G-20 calls for more dialogue on rising trade tensions

Monday, July 23, 2018

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BUENOS AIRES, Argentina (AP) — The world's top financial officials meeting in Argentina's capital yesterday called for more dialogue on trade disputes that threaten global economic growth, with one official warning that differences remain and tensions could escalate further.

The two-day gathering of G-20 finance ministers and central bankers in Buenos Aires took place as the United States and China are engaged in a full-blown trade war with both nations imposing tariffs on billions of dollars of each other's goods.

A final communiqué from the meeting said that although the global economy remains strong, growth is becoming “less synchronised” and risks over the short and medium terms have increased.

“These include rising financial vulnerabilities, heightened trade and geopolitical tensions, global imbalances, inequality and structurally weak growth, particularly in some advanced economies,” the communiqué said. “We ... recognise the need to step up dialogue and actions to mitigate risks and enhance confidence.”

On Friday, US President Donald Trump renewed his threat to ultimately slap tariffs on a total of US$500 billion of imports from China — roughly equal to all the goods Beijing ships annually to the US. The White House has also itemised US$200 billion of additional Chinese imports that it said may be subject to tariffs.

The US has also imposed tariffs of 25 per cent on steel and 10 per cent on aluminium, including from Europe. China, the EU, Canada, Mexico and Turkey have counterpunched with taxes on US exports.

As the Group of 20 gathering wound up yesterday, European Financial Affairs Commissioner Pierre Moscovici said that differences of position remained despite the talks.

“These meetings have been taking place in an international context, which is very challenging,” Moscovici told reporters. “Trade tensions remain high and they threaten to escalate further.”

But Moscovici said the summit that began Saturday had not been “tense”, and that countries must remain “cool-headed and maintain a proper sense of perspective”.

Representing the US at the meetings was Treasury Secretary Steven Mnuchin, who on Saturday said the overall US economy has not been harmed by the trade battles set off by Trump's get-tough policies. But he acknowledged that some individual sectors have been hurt and said US officials are looking at ways to help them.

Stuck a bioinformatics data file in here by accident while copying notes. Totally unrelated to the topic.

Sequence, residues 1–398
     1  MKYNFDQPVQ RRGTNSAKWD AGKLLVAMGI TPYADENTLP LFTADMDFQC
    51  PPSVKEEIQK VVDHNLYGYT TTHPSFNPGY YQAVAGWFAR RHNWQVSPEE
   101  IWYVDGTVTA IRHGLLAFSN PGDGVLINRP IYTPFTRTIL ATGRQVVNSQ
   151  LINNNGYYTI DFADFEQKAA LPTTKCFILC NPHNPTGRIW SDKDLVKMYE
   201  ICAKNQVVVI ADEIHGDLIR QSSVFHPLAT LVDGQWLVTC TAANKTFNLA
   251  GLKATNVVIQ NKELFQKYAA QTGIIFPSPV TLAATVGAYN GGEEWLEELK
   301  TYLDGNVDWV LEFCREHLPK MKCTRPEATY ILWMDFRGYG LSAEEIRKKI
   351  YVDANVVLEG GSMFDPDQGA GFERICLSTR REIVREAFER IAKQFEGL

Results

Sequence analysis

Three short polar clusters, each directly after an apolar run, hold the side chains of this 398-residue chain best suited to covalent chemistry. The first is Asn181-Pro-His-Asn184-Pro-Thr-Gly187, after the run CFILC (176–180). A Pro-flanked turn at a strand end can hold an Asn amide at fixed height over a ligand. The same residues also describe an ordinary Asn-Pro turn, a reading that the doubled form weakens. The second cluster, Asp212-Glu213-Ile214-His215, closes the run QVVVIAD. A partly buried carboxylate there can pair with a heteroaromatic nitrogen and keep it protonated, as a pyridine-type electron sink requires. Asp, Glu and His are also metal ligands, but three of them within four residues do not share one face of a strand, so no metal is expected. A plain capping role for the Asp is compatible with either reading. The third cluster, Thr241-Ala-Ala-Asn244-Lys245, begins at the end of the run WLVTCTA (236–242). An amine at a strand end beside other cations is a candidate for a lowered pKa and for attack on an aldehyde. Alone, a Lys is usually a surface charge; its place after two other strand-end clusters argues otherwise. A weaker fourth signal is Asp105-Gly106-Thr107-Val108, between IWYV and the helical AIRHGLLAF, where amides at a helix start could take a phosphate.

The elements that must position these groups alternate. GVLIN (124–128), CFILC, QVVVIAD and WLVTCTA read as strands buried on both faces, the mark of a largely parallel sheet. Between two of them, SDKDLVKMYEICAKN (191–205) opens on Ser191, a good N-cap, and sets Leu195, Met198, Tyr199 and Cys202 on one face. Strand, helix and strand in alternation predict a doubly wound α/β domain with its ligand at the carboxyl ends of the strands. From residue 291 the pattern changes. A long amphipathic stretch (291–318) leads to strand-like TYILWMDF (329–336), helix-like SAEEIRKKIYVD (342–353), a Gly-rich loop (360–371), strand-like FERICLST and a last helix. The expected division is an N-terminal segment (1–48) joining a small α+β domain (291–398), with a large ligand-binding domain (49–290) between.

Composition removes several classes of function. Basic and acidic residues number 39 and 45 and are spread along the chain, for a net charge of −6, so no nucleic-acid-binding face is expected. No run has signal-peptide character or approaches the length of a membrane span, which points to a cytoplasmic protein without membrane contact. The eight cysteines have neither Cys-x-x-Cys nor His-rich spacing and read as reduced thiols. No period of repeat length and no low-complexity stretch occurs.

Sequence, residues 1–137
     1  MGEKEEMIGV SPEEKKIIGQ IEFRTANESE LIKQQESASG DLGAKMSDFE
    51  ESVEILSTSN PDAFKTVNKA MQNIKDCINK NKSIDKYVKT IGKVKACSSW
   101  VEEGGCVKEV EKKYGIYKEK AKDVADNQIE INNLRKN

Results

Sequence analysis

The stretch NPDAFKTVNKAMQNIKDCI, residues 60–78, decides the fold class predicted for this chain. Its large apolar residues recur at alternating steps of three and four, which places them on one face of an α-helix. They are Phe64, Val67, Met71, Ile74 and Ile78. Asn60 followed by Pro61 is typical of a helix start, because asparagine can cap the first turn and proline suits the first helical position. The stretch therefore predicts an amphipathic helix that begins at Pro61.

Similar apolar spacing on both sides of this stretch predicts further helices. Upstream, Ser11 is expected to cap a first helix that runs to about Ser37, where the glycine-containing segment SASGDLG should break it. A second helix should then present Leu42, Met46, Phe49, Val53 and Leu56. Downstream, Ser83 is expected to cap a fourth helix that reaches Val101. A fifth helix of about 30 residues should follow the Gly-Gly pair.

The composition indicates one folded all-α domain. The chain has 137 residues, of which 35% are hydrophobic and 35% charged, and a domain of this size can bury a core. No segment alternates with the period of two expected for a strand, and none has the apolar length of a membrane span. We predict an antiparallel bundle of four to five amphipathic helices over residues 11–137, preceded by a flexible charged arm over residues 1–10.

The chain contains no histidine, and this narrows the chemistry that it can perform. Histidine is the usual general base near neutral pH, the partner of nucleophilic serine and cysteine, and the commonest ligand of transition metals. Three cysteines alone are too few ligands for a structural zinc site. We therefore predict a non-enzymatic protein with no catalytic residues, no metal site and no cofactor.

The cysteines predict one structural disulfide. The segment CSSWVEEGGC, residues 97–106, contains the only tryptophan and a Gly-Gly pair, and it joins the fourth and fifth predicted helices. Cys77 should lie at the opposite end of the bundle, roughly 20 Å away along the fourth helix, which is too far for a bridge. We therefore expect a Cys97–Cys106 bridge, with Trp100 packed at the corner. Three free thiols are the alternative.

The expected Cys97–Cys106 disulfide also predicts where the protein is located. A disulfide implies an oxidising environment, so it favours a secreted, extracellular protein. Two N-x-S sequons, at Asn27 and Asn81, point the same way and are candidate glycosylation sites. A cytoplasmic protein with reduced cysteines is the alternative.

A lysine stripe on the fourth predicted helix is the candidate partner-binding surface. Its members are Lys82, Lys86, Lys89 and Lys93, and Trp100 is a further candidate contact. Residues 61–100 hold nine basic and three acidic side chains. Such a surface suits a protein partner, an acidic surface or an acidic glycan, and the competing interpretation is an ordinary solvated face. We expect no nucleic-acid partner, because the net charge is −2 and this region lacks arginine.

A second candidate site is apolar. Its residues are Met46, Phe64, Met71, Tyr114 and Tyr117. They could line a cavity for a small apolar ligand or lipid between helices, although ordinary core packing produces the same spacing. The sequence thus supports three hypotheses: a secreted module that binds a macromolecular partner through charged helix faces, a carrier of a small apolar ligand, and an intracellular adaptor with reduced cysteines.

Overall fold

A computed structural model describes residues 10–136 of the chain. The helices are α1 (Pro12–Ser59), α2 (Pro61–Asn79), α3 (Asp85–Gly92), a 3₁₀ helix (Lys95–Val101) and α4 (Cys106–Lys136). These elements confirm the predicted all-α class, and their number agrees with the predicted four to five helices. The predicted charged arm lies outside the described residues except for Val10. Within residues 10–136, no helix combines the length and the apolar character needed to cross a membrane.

International Monetary Fund Managing Director Christine Lagarde has warned that a wave of tariffs could significantly harm the global economy, lowering growth by about 0.5 per cent “in the worst-case scenario”.

“Protectionism, I want to insist on that, is good for no one,” Moscovici said. “Trade wars are not easy ... they create no winners, only casualties.”

But Moscovici said that the EU remains open to dialogue.

“That's why EU President Jean-Claude Juncker and EU Trade Commissioner Cecilia Malmstrom will meet with Trump” in Washington, DC, this week, he said. “We hope this meeting will be productive and successful.”

So far, global markets have remained generally calm despite the US-China trade war and the other conflicts ignited by Trump.

But analysts say they expect Trump will impose more tariffs on China and potentially other key US trading partners. With those nations almost certain to retaliate, the result could be higher prices for Americans, diminished export sales, and a weaker US economy by next year.

The Group of 20 nations is composed of traditional economic powers such as the United States, Japan, and Germany and emerging economic powers including China, Brazil, India, and Argentina.

Officials in Buenos Aires also discussed issues including the future of work and infrastructure for development, the international tax system and financial inclusion. It is the third of five meetings by finance ministers and central bankers scheduled in advance of a main G-20 meeting in Argentina that will be held November 30–December 1.

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